On to round two

Jay Guillermo's dream finally came true in the second game of his redshirt freshman season.

After a quick rub of Howard's Rock, Guillermo took off down the hill just moments before Clemson kicked off against South Carolina State. He snapped the ball 57 times against the Bulldogs that afternoon, matching the number on his jersey.

Finally, after more than a year on the team and a lifetime of pulling for the Tigers, Guillermo could finally say that he played football at Clemson.

Guillermo received his Clemson offer on Signing Day in 2011, when he was a junior at Tennessee's Maryville High School.

"I've always been a Clemson, ever since I was born," he told CUTigers the night he was offered. "I don't even know why. Nobody in my family is a big Clemson fan. My grandfather, he played football, and he got recruited by them. He's always liked them. I've just always loved Clemson."

Just a few days after saying there was a 90-95 percent chance that he was committing to Clemson, Guillermo pulled the trigger and became the first commitment to the Tigers' 2012 class.

Guillermo appeared in eight games in 2013, his first season of action, logging 182 snaps as Ryan Norton's backup at center.

"It's exciting," Guillermo said of the start to his career at Clemson. "It's something I've wanted my entire life. It's something I've worked for my entire life. It's something I'm still working for. It's really exciting."

But Guillermo remains the No. 2 center on the Clemson depth chart. While he wants to play more, Guillermo understands there's work to be done.

"There are about 10 of us. The first and second team, we're just working our butts off every day just to get better, to make each other better," Guillermo said. "Of course, we all want that top spot."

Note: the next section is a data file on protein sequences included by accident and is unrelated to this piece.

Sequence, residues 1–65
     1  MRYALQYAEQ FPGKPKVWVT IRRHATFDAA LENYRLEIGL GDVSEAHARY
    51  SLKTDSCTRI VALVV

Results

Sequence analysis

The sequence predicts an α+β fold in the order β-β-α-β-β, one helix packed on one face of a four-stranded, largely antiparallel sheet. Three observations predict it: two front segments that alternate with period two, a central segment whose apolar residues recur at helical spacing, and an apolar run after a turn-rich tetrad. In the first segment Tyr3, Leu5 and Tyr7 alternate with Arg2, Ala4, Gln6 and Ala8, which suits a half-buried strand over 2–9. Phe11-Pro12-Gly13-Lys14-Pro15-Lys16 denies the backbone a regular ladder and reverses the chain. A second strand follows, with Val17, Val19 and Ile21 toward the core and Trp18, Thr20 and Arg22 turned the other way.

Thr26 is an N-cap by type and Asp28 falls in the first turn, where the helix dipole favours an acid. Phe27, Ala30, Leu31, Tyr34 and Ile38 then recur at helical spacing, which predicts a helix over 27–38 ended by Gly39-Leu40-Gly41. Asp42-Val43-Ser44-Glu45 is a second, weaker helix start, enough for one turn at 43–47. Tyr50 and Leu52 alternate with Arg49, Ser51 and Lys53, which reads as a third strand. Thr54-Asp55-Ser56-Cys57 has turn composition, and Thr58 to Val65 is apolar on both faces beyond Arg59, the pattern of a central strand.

So, what exactly does he need to improve in his game to help make that happen?

"I'd have to say my hands. Sometimes, I let guys too much in my chest. Just being more consistent with my hands I guess. Just not having to be aware and thinking about using them, just doing it naturally."

In addition to the help he gets from offensive line coach Robbie Caldwell and the rest of the staff at Clemson, Guillermo also picks up advice from his grandfather, Ron Greene, a longtime football coach in North Carolina.

"He's been here a couple of times. He really helps me a lot. We'll go over some film [and] some stuff after practice, because we've got the iPads.

"He'll try to help critique my technique and everything. He's a huge help, just because he's been around football for nearly 40 years coaching. That's not him playing also, college and everything."

Guillermo also counts the defensive tackles he does battle with in practice every day among those who have helped along the way.

"It's been nice getting to go against Grady Jarrett, DeShawn Williams, Josh Watson and all those guys. It's really, really nice to go against that kind of competition," Guillermo said. "Not to take anything away from D.J. Reader or Carlos Watkins, but there's something special about Grady."

And, for Guillermo, there's something special about being where he is right now.

"I've always loved Clemson," he said. "I've always been a Clemson Tiger. I've bled orange and purple since I was little, so that does make it exciting."

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